Vladek’s speech is confident in flashbacks, while it gets uncertain in the present, reflecting the distance from his home country. Since he had to leave, he feels his nation betrayed him. He doesn’t belong to Poland anymore, nor to the USA, where he feels like a stranger. So, his language reflects his sensation of estrangement in the present time. The language becomes a metaphor for his long journey to find a safe place without forgetting where he comes from. The title itself is a pun: “maus” means “mouse” in German, but it also recalls the German verb “mauscheln” which means “speaking like a Jew“.
Spoken language is not the only element of postmodern art and literature in the comics. The frame scheme represents a solid meta-narrative element, given how it follows on from seeing how the comics develop in the author’s mind. The author blurs the line between present and past. Interruption in dialogues and jumps between the timelines make clear the chaos in his mind while listening to the story.
Spiegelman’s drawings as an analysis of the war
Spiegelman chooses various animals as metaphors of nationality. He represents Jews as mice, Germans as cats, Americans as dogs, Poles as pigs and French as frogs. Characters pretending to belong to other countries visibly wear a mask. The use of anthropomorphized animals in comics is nothing new in itself: both in children’s comics as Walt Disney’s Mickey Mouse, and in underground comics for adults such as Robert Crumb’s Fritz the Cat. But those were just anthropomorphic animals, recalling the fairy tale tradition of beasts acting like humans. Spiegelman takes one step further, being the first illustrator using animals to show cultural differences. It’s the first device he uses to obtain emotional detachment, making identification difficult.
Spiegelman’s Maus is the first comic to talk about the Holocaust. Dealing with the concept and story of genocide, Spiegelman decided to let the story talk, putting himself in the background and showing more than telling. He eases as much as possible both the narrative and graphic style, growing apart from events. Page after page, panels are more and more neutral and stylized. Lines become rough and words seem screamed. The fragmented narration, dark sketches and a cold gaze on events create a historic reportage, that doesn’t even try to find an explanation or a sense, just expose. Matching history with its consequences in the present, Spiegelman’s Maus gives a strong and personal point of view on war.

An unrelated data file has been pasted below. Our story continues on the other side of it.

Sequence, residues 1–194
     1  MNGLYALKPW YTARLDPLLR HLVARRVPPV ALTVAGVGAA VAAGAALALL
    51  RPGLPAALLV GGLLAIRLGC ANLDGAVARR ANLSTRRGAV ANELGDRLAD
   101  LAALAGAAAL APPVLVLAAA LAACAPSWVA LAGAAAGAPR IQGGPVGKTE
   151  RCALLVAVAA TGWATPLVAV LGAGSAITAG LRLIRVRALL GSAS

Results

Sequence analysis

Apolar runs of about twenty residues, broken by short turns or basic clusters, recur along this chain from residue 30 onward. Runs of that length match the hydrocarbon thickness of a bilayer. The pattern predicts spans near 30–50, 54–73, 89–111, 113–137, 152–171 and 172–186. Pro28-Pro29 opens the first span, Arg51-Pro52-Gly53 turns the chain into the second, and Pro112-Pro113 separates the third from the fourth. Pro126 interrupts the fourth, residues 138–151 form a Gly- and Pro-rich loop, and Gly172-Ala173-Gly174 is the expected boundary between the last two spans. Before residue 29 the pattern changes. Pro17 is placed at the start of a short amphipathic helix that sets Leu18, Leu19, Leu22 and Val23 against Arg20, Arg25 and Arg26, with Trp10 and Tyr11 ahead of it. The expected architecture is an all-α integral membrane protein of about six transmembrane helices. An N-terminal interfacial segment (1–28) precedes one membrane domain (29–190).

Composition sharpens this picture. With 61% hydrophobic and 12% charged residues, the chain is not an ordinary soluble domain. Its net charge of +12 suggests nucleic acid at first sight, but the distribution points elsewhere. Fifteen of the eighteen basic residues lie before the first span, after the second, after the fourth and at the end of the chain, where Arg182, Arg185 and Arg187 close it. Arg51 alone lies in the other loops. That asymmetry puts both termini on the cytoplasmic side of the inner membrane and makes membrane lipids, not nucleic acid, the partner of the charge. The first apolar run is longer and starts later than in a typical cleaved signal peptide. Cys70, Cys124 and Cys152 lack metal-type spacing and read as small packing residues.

Funding a genre
Maus was among the first book to be classified as a graphic novel, following the path was opened by Will Eisner (The Spirit, A Contract with God). It helped to strengthen the idea that comics can address several targets and discuss grown-up, serious subjects. Spiegelman wanted to create a more mature and underground style. Taking inspiration from Harold Grey (Little Orphan Annie) and Frans Masereel (The City), he contributed to comics’ recognition as artforms and not just entertainment, in opposition with superheroes’ comics.
Together with two DC Comics stories (Watchmen and The Dark Knights Returns), Maus contributed to changing the general perception of the comics. From that moment on, also thanks to independent publishers and a growing market, the comics industry was no longer dominated by Marvel and DC Comics and started to be something that could address not only kids, but also a vast audience of mature readers.